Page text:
The other bed (#2) still has pumpkins which are about ready to come off.  These two beds will get cover crop.  It is a mix of seeds that will help condition our soil which we are in need of since we are the first to work this land. I love that I did not even know what the term cover crop was 6 months ago and now I am buying it and planting it!

SO, we need more!  More garden beds!

We prepped 5 new beds for fall, winter, next spring… for whatever.  They are now prepped and ready to go. Beds 4 & 5 were planted about a month ago.  Spinach, Corn Salad and Kale  are in there.  They are smaller than the others as they are 7×12 but perfect for these greens. The little plants here are about 2 -3 inches now. They are looking happy growing in these brand new beds.

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We really want to expand our tomatoes next year and try corn and give the squash some more room.  So with that in mind we prepped 3 more beds.  One bed which is 25 x 33 is done and is planted with cover crop.  This will help prepped the soil for the tomatoes in the spring.  The bed is also in mostly sunshine and I think that will be good for the tomatoes as well.  I am also trying to rotate stuff since I understand that is good for the soil. The others are fairly large also and have arugula, onions, spinach,  and fava beans.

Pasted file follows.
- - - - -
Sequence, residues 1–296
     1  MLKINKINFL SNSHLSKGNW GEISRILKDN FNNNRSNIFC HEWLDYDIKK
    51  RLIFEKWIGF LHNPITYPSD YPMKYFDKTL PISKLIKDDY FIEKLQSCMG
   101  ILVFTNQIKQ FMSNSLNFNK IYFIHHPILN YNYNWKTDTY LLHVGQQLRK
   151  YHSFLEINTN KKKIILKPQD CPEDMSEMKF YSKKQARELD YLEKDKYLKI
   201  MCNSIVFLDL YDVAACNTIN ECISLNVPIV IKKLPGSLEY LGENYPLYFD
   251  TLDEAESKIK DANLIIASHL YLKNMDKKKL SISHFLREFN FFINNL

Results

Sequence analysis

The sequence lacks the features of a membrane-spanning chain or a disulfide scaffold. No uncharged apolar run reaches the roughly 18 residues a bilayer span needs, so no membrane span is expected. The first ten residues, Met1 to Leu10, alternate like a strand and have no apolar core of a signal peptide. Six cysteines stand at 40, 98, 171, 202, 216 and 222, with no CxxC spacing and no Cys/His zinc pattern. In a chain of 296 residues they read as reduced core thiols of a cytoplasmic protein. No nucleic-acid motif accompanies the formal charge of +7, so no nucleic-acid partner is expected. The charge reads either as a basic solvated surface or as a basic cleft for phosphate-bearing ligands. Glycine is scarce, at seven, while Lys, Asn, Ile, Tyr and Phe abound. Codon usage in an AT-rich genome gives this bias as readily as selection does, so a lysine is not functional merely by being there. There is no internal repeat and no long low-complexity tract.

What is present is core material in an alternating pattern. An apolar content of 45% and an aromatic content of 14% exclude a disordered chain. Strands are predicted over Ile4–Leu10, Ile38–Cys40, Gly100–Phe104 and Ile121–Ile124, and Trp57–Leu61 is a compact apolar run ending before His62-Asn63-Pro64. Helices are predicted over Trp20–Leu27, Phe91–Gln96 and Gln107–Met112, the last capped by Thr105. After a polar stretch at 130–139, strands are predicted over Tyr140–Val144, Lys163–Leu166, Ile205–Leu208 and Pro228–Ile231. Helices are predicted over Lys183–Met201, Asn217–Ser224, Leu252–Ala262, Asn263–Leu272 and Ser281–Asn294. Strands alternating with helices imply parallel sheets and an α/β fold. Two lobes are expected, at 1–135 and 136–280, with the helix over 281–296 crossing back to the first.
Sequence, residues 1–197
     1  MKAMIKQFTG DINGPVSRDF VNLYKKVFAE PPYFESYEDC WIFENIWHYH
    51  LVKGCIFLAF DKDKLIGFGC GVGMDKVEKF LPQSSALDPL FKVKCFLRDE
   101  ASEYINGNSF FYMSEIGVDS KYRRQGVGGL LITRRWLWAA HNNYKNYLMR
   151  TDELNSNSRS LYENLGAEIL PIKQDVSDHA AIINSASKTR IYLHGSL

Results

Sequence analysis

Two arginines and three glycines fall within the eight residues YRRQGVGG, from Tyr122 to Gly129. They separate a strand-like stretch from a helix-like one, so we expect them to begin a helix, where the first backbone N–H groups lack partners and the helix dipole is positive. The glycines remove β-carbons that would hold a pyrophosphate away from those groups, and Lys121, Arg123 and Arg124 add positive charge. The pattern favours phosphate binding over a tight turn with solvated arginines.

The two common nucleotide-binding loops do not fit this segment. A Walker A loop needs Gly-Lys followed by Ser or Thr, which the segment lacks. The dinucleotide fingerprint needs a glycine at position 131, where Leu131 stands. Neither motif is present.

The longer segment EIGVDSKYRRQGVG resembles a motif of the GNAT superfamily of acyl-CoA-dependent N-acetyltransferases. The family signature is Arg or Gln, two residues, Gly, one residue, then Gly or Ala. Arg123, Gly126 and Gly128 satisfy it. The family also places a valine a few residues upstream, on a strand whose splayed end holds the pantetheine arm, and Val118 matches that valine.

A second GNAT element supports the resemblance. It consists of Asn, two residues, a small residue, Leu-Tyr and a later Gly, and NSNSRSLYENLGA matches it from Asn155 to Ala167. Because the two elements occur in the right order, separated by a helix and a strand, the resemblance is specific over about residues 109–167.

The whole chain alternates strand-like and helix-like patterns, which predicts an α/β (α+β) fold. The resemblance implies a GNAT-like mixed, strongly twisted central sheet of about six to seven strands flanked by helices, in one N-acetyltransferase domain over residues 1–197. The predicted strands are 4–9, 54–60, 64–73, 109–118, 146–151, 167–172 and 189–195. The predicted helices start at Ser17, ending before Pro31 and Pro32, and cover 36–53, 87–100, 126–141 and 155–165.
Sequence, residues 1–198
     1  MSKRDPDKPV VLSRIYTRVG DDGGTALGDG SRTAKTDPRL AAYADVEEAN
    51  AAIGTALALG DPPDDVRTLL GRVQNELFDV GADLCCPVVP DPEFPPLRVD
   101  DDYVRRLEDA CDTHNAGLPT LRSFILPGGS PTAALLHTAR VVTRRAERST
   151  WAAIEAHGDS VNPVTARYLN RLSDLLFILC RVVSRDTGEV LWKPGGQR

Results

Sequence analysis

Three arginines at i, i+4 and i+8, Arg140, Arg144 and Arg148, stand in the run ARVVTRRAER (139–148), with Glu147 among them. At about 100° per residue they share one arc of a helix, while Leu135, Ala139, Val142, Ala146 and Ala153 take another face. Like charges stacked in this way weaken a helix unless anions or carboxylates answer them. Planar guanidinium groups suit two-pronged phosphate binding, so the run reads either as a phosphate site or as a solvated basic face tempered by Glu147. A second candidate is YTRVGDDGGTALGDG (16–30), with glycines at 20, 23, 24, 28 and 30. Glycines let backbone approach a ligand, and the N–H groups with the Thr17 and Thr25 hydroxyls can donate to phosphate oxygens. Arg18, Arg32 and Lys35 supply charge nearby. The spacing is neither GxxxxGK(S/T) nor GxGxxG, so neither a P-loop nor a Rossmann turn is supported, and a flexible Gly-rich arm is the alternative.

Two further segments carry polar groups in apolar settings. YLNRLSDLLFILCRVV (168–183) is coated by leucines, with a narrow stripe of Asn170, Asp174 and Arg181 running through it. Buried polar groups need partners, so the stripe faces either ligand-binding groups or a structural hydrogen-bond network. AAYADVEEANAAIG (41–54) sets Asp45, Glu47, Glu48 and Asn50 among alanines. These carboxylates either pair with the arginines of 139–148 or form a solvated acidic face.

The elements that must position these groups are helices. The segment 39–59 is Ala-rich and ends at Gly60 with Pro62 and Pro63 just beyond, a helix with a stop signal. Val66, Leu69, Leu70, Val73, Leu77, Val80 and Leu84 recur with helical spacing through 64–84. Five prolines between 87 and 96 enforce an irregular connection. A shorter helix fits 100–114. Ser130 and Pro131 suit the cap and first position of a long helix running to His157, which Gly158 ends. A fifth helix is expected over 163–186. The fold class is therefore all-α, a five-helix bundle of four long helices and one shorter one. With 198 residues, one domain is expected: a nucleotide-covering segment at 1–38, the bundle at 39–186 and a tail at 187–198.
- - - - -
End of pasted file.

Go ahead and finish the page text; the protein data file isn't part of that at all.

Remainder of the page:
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I planted some garlic also, following MJF great instructions. We use so much garlic, I am excited to have our own next year.  I planted 40 cloves.  It is now covered with straw like a little hiding present.  I can’t wait to uncover it next year to see what I have in there!

I love, love, love Johnny’s Selected Seeds.  Their catalog is more than a means to purchase seeds.  There is so much info about the seeds, varieties and planting info.  There staff is great too and has spent some time with me in helping me decipher much of what I don’t understand! So I ordered my stuff based on things that were supposed to be cold tolerant. I was so thrilled when my box came!